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New school taking shape

Tour reveals large classrooms to be well equipped

 

Furniture manufacturer representative Jim Trimberger, right, and Superintendent Dennis Carlson spent part of last Wednesday checking to make certain that the furniture for the new K-12 school facility will fit the spaces it was designed for. The Virco company is one of four companies bidding on the furniture project. - Roger S. Lucas photo

The new K-12 school facility in Coulee Dam is beginning to show its colors.

A walk of the place last Wednesday revealed painted classrooms, some finish work on the final red metal roof and the beginning of rock work on the outside of the elementary wing.

School patrons and taxpayers in general may be in for a pleasant experience and surprise.

The new school is huge. Many of the classrooms are large with every type of teaching technology device available.

The walk through was in concert with Superintendent Dennis Carlson and furniture manufacturer Virco's representative, Jim Trimberger.

Trimberger was here to make sure that furniture for the facility will fit the spaces designed for it. He wandered through the rooms with a stack of blueprints in his hand to check and see if the measurement of spaces matched the designs planned for furniture.

His firm is one of four expected to bid on furnishings. The district plans to advertise for bids next week.

The classrooms on the lower floor of the elementary wing are painted, and soon painters will move to the upper floor.

Last Friday a number of teachers and staff members from Center School toured the elementary wing of the new school.

Trimberger said furniture, all made in America, would arrive by trucks and with a crew of about 10 people, take about a week or 10 days to get everything assembled and placed.

That is if his firm wins the bidding process.

Each kindergarten room, and there are three of them, is roomy and has one wall painted in a brilliant color. That color is matched outside the room on a canopy above the entrance door so the youngsters can find their room more easily.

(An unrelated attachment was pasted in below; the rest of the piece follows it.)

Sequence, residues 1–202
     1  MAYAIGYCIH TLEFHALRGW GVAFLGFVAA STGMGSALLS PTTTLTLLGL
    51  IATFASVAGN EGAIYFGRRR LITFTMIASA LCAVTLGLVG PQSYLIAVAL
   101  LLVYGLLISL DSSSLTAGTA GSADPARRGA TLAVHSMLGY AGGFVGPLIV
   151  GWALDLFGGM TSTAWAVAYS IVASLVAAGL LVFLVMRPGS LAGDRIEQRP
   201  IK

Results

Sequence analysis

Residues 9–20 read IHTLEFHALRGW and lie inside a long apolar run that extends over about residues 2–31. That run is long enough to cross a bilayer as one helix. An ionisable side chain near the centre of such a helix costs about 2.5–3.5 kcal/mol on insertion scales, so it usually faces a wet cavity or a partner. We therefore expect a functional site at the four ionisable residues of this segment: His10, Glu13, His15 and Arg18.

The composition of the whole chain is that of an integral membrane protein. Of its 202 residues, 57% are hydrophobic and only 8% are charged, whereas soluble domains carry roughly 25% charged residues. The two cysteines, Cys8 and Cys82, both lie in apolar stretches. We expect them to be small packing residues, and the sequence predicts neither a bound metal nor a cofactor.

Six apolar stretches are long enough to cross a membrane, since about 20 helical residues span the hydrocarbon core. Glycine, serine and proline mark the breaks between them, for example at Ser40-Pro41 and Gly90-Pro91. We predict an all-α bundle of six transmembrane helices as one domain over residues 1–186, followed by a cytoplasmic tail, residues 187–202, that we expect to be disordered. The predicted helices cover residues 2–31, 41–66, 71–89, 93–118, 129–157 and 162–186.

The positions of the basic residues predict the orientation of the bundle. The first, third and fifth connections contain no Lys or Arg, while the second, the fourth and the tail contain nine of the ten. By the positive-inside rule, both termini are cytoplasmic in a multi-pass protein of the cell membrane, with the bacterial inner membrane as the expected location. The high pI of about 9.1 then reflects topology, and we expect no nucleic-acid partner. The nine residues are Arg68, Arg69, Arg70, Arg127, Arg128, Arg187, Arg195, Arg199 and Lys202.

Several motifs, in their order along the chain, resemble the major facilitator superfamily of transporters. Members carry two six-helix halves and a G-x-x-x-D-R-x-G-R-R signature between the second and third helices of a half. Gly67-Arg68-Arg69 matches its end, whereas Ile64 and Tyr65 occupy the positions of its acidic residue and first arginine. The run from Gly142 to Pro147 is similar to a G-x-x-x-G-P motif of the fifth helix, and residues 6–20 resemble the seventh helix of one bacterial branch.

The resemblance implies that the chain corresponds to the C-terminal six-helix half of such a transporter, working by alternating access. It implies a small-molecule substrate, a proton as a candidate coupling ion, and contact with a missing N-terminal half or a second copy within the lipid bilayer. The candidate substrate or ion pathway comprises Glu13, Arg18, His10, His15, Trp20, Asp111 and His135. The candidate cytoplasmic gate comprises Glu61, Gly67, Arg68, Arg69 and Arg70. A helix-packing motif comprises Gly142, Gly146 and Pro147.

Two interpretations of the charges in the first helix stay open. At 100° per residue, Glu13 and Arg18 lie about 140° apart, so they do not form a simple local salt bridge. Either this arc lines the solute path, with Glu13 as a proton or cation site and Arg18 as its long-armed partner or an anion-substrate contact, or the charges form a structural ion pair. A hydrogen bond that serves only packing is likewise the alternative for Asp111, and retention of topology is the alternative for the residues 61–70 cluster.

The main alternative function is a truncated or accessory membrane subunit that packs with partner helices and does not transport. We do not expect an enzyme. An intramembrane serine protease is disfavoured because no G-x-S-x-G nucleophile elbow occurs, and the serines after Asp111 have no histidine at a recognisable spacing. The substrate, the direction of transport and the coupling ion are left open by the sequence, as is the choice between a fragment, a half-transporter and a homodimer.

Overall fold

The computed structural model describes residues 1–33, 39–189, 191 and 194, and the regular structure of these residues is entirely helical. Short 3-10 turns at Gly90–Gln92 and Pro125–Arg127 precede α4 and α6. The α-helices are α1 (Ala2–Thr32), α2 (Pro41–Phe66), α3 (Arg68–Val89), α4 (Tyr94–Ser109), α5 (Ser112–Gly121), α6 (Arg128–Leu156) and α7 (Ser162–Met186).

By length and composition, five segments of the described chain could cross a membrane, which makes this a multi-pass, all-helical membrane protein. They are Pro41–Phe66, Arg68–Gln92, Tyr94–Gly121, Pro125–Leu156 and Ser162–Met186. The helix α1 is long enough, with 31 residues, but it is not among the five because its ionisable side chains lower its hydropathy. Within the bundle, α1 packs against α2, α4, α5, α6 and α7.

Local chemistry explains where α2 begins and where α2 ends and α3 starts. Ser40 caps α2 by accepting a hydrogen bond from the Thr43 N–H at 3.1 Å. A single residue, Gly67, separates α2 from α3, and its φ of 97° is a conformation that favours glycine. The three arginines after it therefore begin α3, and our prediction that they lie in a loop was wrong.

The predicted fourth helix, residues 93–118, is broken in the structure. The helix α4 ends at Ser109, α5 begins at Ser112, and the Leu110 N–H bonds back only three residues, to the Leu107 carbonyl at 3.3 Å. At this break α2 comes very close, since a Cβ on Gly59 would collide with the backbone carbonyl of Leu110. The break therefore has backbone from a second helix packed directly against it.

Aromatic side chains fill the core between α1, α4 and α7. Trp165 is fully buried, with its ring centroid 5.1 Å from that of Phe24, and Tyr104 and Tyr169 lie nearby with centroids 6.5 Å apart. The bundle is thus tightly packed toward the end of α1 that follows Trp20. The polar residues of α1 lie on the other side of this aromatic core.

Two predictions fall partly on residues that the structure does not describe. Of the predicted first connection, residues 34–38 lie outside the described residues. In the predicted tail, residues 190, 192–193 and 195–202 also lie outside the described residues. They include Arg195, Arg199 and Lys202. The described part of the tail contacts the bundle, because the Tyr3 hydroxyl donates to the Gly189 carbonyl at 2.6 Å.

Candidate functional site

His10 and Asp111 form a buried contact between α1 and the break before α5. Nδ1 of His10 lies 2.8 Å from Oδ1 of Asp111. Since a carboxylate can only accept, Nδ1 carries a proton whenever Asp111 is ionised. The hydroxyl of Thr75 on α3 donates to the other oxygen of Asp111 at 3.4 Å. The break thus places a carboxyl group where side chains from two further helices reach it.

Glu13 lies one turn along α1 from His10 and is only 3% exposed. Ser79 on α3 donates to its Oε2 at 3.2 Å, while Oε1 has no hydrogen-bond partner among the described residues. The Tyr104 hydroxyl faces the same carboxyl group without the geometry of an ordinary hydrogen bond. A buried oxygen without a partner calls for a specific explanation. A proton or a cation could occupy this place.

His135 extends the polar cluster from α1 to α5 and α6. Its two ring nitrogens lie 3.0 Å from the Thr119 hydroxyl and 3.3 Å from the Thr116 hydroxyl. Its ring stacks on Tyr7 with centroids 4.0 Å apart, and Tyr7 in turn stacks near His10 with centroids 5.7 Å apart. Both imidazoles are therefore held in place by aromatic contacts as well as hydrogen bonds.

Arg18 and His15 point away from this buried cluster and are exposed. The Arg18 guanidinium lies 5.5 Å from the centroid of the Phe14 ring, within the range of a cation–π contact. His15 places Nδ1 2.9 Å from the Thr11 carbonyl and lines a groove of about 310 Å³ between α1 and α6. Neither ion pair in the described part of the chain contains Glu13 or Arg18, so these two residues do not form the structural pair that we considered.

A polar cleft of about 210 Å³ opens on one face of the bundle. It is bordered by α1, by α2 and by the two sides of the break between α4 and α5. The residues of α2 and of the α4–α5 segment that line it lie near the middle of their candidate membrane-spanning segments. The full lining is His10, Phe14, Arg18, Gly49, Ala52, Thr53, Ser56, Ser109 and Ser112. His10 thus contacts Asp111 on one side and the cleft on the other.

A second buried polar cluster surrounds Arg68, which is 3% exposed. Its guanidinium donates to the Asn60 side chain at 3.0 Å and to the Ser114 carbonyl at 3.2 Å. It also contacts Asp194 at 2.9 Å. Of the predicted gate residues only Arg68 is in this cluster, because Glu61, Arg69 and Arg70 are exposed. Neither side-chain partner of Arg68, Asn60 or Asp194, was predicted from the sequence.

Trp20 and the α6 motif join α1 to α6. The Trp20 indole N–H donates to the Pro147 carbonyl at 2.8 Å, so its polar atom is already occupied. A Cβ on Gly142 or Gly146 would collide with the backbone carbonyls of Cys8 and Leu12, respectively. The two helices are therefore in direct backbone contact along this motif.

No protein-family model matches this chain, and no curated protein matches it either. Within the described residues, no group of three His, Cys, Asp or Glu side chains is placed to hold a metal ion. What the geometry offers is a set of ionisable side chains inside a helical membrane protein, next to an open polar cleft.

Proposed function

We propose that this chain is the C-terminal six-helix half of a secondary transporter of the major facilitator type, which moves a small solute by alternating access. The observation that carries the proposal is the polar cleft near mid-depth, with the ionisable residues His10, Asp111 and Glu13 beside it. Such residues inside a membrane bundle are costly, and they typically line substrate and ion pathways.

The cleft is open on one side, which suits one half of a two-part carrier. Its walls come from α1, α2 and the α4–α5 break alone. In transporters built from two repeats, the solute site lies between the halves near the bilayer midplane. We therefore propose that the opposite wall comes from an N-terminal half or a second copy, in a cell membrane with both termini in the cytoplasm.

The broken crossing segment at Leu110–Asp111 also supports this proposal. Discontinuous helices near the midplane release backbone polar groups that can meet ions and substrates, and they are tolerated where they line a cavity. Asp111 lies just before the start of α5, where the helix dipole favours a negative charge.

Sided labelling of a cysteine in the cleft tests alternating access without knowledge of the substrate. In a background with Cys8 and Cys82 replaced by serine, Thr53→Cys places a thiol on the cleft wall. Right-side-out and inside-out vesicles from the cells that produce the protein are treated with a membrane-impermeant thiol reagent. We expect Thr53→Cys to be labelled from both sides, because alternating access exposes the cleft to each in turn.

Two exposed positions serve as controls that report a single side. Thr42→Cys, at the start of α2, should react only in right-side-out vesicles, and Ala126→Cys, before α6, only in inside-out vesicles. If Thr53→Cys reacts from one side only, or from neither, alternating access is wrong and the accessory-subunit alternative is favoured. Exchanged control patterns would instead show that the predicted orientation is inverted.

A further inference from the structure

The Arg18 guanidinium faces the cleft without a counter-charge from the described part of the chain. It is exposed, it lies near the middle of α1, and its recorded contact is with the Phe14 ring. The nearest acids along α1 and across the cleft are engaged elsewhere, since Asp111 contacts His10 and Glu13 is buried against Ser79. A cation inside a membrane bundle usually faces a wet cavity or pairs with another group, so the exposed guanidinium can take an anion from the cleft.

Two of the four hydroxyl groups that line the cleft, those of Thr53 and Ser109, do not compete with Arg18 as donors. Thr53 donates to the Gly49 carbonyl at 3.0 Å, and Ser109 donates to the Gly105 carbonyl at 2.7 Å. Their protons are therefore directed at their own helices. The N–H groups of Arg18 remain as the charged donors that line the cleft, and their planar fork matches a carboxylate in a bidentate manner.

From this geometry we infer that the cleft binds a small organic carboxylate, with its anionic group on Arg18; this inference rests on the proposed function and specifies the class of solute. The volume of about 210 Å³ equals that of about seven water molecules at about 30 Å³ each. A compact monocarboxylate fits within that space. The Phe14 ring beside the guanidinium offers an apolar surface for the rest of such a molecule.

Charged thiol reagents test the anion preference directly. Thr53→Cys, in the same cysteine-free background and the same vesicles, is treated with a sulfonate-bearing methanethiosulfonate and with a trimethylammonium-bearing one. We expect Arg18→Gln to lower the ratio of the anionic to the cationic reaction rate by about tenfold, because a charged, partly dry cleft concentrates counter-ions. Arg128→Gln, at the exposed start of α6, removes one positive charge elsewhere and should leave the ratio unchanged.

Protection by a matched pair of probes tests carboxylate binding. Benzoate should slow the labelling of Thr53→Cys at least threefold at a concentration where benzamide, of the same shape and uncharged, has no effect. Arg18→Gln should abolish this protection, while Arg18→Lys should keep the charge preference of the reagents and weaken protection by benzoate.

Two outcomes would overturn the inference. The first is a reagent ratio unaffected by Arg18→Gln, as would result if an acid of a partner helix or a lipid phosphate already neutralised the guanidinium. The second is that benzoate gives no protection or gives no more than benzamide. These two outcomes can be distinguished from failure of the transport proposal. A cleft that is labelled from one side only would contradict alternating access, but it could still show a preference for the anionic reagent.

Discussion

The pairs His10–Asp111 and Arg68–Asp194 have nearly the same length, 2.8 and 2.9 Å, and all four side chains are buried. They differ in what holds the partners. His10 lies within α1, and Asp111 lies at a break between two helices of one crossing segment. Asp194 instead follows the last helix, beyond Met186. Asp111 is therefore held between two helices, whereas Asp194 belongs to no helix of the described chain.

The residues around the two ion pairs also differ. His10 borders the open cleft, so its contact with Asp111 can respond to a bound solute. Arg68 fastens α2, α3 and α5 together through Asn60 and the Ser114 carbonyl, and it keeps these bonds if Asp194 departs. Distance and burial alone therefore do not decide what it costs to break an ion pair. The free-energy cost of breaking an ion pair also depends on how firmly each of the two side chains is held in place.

That could be a chore for the younger children because the facility and its various areas are roomy.

Roger Easling, the construction manager for the school district, was also along on the walk through and his direction led to a room that had most of the cabinets installed.

Next fall's opening is going to be an eye opener to staff and students.

The kindergarten rooms will have considerable space devoted to computers with one wall lined with shelves and tables to support technology.

The facility has 30 miles of technology wiring.

Subcontractors are busy throughout the elementary wing, and throughout the entire facility.

Easling said that the drywall contractor had 25 men on the job, and the electrical contractor had 15 men on site.

Drywall sheets, five-eighths of an inch thick, have a special paper sheet inside designed as a sound barrier to limit noise from escaping into other nearby rooms.

"All the cracks around heating and ventilation ducts above the ceilings are being caulked with a special material also designed to reduce sound," Easling stated.

The common area where students will gather to eat and to relax are huge and will be equipped with projectors adding an entertainment and information quality to the space.

Outside recreation and general people places are numerous and will provide many opportunities for students to get some exercise and gather for conversation.

The big question is, will the facility be ready for occupancy come September?

A lot of things could get in the way of that happening, but school officials and construction people give a qualified "yes."

Workers lost only a few days because of cold weather. Now spaces are closed off and large propane blowers provide warm air so the areas are comfortable to work in.

There's a lot yet to be done. However, there's enough done so that with a little imagination you can picture what the facility will look like later this year.

"I am impressed with the pride in their work that contractors and their workers are showing," Easling said. "This is going to be a beautiful building."

 

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